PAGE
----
Colorful acrylic paintings by the 13 students in Renee Bailey’s Drawing and Painting 2 class at Newark High School recently brightened an otherwise stark hallway leading to the Women, Infants and Children Office, 513 W. Union St., Newark.
Members of the class recently unveiled their artwork where it will remain on display indefinitely. The pieces were created with women and children in mind and with the intent to promote healthy choices, role models and imagination for children ages 5 and younger and their parents.
WIC is a food supplement and nutrition education program that serves pregnant and lactating women and their children ages 5 and younger. It provides nutrition education, breastfeeding support and referrals to other support resources in Wayne, Ontario, Seneca, Yates and eastern Monroe counties.
At the invitation of Clarice Lazary, WIC outreach coordinator in Canandaigua, Bailey’s students started the process in March by creating the 18-by-24 inch individual acrylic paintings. It included researching, sketching, presenting their ideas to WIC, reworking them in some instances, creating and finally presenting their finished pieces to WIC.
Some of Bailey’s students, who coincidentally had received services through the Newark WIC program when they were young, drew on memories of their own experiences as inspiration for their paintings.
Sophomore Alisa Shepherd’s painting is of a mother and daughter in which you only see part of the bodies of each, with the daughter informally dressed in denim overalls, a white shirt, striped socks and a pair of her mom’s red high heels. Mom is wearing a dress and red heels.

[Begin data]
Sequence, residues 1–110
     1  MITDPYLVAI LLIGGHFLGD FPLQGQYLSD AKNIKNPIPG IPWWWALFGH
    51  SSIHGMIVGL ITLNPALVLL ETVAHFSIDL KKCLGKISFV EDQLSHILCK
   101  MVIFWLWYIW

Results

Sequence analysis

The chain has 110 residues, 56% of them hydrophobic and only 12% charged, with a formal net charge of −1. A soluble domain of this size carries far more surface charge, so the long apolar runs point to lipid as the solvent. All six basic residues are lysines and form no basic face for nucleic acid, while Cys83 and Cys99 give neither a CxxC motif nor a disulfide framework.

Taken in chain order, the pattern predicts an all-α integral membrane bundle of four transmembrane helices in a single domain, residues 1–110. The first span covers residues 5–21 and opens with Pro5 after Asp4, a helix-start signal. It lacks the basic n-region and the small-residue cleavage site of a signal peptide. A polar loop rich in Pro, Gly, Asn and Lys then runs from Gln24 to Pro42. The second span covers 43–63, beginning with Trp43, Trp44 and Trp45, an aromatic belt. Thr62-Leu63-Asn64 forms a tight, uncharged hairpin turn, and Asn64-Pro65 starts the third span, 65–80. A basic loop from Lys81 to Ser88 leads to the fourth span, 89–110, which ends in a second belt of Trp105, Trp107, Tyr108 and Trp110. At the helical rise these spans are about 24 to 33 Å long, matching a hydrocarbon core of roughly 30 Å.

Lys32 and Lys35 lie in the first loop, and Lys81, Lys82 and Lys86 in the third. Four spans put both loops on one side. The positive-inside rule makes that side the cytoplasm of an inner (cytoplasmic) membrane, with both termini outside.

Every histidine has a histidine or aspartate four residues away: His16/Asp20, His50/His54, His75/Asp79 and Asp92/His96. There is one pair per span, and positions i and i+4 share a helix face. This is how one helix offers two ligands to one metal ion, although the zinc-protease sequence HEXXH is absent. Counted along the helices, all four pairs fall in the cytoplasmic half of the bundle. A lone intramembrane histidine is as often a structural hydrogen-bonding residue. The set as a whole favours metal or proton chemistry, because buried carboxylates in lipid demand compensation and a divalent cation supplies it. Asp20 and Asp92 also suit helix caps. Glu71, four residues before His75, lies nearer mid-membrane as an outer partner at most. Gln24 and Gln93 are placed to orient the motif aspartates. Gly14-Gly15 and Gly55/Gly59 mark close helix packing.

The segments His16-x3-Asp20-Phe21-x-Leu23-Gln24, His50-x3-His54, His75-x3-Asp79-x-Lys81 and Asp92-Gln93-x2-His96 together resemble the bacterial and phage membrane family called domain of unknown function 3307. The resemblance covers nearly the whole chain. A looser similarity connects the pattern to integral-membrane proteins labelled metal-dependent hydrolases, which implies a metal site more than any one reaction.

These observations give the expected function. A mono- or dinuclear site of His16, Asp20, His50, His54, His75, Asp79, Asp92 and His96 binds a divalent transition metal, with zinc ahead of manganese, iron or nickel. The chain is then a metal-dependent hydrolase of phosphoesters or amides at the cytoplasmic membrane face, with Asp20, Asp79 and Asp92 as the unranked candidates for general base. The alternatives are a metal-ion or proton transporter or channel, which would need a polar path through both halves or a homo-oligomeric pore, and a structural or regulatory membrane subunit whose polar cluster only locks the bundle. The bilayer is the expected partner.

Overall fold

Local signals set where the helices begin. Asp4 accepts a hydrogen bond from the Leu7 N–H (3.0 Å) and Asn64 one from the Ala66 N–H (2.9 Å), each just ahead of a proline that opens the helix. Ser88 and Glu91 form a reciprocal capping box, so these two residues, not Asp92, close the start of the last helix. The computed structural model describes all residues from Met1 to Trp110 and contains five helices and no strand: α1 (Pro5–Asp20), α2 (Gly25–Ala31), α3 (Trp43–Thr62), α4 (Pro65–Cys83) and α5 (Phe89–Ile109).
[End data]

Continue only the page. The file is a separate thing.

“When I was born it was just me and my mom, who was 19,” Shepherd said. “I’ve always wanted to be like my mom. I feel like I’m giving something back to a program that helped us a great deal.”
In painting a tranquil lake scene depicting a loving swan couple with their baby, sophomore Morgan Diggins, whose parents are separated, wanted to emphasize the beauty of a happy family.
“There is a whole lot of talent in this class,” Bailey said. “These students work very hard.”
Bailey said several of the students will take Advanced Placement art courses with her next year and have already started working on sequels to the paintings they did for WIC.
Sophomore Bailey McCormick’s painting is of stork flying and carrying a purple satchel filled with fruits and vegetables. Though it was not her original idea but one that evolved, McCormick said most people would expect the stork to be delivering a baby, not fruits and vegetables, so the painting will make people think about the need to make healthy food choices.
The student artists are hoping the paintings will help make visits to the WIC office more interesting and more memorable.
“I was thrilled when Clarice Lazary contacted me about this project,” Bailey said. “The students are always looking to provide community service and this was a perfect fit. They have researched the program and how it impacts families, and have created paintings that engage the audience that will be viewing them.”
Lazary couldn’t be happier with the outcome.
“I was invited into the classroom to view the initial drawings and educate the students about the WIC program so that they can better understand the audience they will be addressing,” she said. “I am so impressed with how professional, engaged and talented the Newark High School students are. The final paintings are even better than I anticipated. I know the women and children we serve at WIC will love them.”
Bailey’s student artists are 10th-graders Abbi Belliveau, Morgan Diggins, Liberty Faliveno, Bailey McCormick, Miranda Meyer, Kayleigh Schermerhorn, Alisa Shepherd and Lauren Smith; 11th-graders Bridget Camblin, Alyssa James and Jordyn Loveless; and 12th-graders Aleah Norsen and Sierra Pleckan.